And Sunrise On Veld
Awareness "Araby" by James Joyce and "A Sunrise On The

Veld" by Doris Lessing are both short stories in which the protagonists
gained a consciousness that was beyond themselves. The main characters are both
initiated into new realities and truths of which they were not previously aware.

Both short stories will be examined with reflections according to the type of
initiation that was experienced, the nature of the narrators, the similar and
dissimilar aspects of both characters and various components of the short
stories. In the two stories, both characters were experiencing an initiation or
awareness of new actualities that were outside of themselves. The main
characters both painfully learned that this initiation was beyond their control.

It was impossible for them to ignore the new realities, which they both came to
understand. The new found awareness was so powerful that it changed each boy’s
entire outlook and they both began to see the world through new eyes. The type
of initiation both characters had was a distressing journey from innocence to
knowledge and experience. The two narrators had different attitudes and
reactions to the initiation experience. In Araby, the reader learns of the
boy’s initiation in the final sentence: "Gazing up into the darkness I
saw myself as a creature driven and derided by vanity; and my eyes burned with
anguish and anger." 1 The character had a negative reaction to his new
awareness. His realization caused him to have feelings of shame, anguish, and
anger. He was possessed and controlled by his passion for Mangan’s older
sister. His ideals of the girl were not realistic but were futile and vain. The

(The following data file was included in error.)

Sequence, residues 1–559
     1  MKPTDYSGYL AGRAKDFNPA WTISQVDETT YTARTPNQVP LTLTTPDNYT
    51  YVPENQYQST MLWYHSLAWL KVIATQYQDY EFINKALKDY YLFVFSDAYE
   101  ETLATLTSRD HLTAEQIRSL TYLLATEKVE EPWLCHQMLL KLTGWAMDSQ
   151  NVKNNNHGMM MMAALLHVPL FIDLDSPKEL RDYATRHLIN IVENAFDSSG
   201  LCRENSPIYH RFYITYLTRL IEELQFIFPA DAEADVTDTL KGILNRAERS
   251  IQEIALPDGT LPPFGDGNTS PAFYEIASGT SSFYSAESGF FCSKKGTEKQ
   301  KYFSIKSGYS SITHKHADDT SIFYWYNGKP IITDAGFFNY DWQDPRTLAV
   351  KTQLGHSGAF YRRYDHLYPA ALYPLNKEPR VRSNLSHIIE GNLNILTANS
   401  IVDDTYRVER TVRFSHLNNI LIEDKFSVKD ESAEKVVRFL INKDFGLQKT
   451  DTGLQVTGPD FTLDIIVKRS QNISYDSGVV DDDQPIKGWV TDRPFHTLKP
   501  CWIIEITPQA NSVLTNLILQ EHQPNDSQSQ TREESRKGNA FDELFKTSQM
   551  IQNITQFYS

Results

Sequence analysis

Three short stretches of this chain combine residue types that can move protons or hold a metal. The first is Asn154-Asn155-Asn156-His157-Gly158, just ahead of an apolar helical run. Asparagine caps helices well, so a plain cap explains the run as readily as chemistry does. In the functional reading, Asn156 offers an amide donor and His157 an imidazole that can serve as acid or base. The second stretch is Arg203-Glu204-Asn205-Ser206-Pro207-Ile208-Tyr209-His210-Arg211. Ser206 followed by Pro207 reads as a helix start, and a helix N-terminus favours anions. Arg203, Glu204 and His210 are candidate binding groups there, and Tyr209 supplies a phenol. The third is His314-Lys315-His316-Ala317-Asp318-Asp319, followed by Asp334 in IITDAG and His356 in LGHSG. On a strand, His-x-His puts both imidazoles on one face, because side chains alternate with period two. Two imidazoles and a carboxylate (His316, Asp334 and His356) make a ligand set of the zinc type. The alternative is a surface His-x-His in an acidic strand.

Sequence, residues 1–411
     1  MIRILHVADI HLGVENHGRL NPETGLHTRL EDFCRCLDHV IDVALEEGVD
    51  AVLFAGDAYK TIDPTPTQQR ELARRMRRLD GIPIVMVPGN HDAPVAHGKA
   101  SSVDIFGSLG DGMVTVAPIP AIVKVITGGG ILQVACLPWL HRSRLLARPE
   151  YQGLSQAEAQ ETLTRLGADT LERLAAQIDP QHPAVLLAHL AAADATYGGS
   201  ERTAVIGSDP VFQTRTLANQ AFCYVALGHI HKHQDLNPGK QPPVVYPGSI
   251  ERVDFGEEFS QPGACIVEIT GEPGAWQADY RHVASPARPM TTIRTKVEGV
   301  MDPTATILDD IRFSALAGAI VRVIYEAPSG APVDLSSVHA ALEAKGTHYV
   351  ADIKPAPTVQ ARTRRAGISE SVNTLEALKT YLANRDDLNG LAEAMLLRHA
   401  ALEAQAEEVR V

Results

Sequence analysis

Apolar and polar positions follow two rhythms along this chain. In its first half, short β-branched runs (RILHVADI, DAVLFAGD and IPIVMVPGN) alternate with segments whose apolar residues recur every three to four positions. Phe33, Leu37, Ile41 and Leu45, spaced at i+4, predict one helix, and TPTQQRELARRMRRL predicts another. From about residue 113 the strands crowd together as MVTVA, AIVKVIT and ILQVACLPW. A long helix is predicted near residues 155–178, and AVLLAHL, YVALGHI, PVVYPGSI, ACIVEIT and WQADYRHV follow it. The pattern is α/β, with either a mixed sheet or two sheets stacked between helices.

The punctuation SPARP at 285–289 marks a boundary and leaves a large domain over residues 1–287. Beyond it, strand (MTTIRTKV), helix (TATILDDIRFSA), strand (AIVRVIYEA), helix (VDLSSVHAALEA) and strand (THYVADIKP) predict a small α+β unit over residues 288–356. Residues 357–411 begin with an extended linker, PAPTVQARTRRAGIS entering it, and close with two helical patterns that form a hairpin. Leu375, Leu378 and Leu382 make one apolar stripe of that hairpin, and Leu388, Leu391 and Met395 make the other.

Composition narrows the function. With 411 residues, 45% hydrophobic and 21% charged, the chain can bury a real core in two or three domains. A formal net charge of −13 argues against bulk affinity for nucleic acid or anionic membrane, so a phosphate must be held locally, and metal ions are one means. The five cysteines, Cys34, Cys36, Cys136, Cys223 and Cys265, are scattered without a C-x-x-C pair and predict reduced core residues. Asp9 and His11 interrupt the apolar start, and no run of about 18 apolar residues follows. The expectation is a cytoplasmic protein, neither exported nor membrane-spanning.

girl drew out feelings in him and he discovered that feelings must be
reciprocated and the downsides that love can be painful. He had a difficult time
accepting his own weakness. He was in distress because he had stopped for a
moment and gazed up into the darkness and realized that his previous feelings
were wonderful but the only reality existed in his feelings. It had no existence
beyond how he felt and the understanding of this was painful for the character.

The protagonist of A Sunrise On The Veld was more accepting towards his
experience of initiation than that of the character in Araby. The boy’s
attitude was stoical: "...this is how life goes one, by living things dying
in anguish." 2 His feelings were of acceptance. In the beginning, the boy
felt in control of himself in every way, and came to feel in control of the
world in which he lived. This attitude changed completely after his encounter
with the dying buck. He accepted the fact that there was nothing he could do to
help and that some things were not in his power and were beyond his ability to
control. He came to an awareness of his own limitations and accepted the
inevitable. The character suffered however and felt anger, but also he was
satisfied with what he realized about the cruelty of nature and life. There were
several similarities and differences between the central characters. The two
protagonists were both male and were young in age. Each was overcome and
enthusiastic towards their feelings of delight and became aware of the negative
side to joy. The boys were imaginative and romantic about their individual
passions. They were both prompted by something or someone outside of themselves.

The characters held an appreciation for beauty. The type of beauty the boys
appreciated differed. The character in Araby felt emotional about a human being
and the boy in A Sunrise On The Veld felt a love for nature. Both characters
experienced an impatience and eagerness towards their obsessions. The boy in

Araby could not wait to visit the bazaar, as the boy in A Sunrise On The Veld
was eager to wake up and go into the vast fields of nature. One character was
overcome by the morning, the nature and was exhilarated to be a part of it all.

Similarly, the boy in Araby had the same feeling, however he was falling in love
with a girl. One had a connection with nature and the other felt a connection
with a person. They felt a oneness with the object of their love. They tried to
breakdown the boundaries of their isolation. Both passions brought them out of
their aloneness and loneliness. A difference in characters was that the boy in

Araby was passive, inactive, and reflective about his passion. The focus was on
himself and how he felt about his friend’s